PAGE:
1. Ana says:

    You say that we should have 2 bodies, just in case one brakes …. do you think they should be of the same brand? 2 nikons or 1 Nikon and one Cannon … I think they should be the same brand, but I am not sure, so I would like your opinion … thanks

  2. One brand. You want to be able to build a group of lenses that will be interchangeable, so stick with one manufacturer.

  3. Tammara says:

    I live in the desert and am mostly interested in taking close ups of plants and when I’m lucky enough small animals- . Is there anything else you would recommend I have in my starter kit? Thank you – Tammara Acerra

  4. The macro lens is the most important item, Tammara. That, and a tripod. You’ll want to have to option to sometimes stop your lens way down and hand holding may not be an option.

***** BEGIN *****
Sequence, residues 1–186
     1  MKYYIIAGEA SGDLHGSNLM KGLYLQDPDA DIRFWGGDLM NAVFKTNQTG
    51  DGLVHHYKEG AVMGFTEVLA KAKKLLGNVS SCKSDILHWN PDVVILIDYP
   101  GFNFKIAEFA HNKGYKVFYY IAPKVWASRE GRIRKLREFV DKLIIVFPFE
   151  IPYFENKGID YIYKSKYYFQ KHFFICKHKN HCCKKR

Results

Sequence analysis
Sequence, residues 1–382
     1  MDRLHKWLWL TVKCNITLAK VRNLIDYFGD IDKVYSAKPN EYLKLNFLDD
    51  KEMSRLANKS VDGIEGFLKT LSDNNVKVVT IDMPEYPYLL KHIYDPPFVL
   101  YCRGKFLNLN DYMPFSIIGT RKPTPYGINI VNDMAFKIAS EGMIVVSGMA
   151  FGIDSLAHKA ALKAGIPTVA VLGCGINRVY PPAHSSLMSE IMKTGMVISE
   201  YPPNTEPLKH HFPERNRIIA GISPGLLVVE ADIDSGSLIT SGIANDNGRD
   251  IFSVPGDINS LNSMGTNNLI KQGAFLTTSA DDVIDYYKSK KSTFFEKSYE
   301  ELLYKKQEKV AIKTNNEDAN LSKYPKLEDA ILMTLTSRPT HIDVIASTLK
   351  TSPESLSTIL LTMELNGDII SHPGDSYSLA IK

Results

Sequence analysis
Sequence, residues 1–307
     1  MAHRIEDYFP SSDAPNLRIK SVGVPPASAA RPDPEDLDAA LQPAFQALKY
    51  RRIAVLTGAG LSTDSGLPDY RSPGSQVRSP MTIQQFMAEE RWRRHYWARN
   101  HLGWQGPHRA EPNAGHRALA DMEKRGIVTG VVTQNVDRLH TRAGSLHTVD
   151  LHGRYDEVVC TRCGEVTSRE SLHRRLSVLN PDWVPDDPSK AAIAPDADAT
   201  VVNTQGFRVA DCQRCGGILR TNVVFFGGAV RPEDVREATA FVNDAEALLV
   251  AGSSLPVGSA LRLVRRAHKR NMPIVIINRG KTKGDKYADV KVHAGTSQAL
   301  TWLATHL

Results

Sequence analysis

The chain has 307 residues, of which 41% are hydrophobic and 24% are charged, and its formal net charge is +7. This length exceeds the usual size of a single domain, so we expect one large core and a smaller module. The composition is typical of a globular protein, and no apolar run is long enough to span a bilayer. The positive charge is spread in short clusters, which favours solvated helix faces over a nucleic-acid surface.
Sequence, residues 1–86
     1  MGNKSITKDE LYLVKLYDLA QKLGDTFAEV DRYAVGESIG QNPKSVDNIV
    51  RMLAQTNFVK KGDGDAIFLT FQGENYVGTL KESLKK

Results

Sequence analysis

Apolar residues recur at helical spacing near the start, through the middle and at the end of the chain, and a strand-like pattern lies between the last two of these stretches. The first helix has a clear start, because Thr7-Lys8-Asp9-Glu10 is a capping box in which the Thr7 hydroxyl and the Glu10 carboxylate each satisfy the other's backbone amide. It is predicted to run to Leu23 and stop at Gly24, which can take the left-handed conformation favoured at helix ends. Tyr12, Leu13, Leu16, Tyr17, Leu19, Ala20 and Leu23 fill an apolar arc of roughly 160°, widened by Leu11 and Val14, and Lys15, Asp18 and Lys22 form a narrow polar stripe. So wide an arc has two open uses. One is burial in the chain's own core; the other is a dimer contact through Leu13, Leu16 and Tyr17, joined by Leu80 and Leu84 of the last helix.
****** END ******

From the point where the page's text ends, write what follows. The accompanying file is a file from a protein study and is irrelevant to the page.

5. Pat says:

    I own a Canon 60D w/ kit lens (EFS 18-135mm) and would like to purchase one or two addition lenses. I mostly use my camera to take pictures of my children playing high school sports (basketball and tennis), but also enjoy taking vacation photos or shots of fall foliage, etc. I don’t want to buy extremely cheap lenses because I have a feeling I’m really going to enjoy photography once I get into it more. What would you recommend? Telephoto, macro, zoom? What lens would be good for indoor basketball shots? My indoor pics, before buying the 60D, were typically dark and fuzzy. Basketball season is almost here and I want to be prepared. Also, should have buy a strobe?

  6. Lot of questions here, Pat! Let’s see if we can answer them…The 60D is a great camera, so you’ve got a solid base to build upon there. For the sports you want to shoot, you really must have a telephoto. The piece of Canon glass that you might want to consider is the 70-200mm f4 lens: http://www.bhphotovideo.com/c/product/183198-USA/Canon_2578A002_EF_70_200mm_f_4L_USM.html. It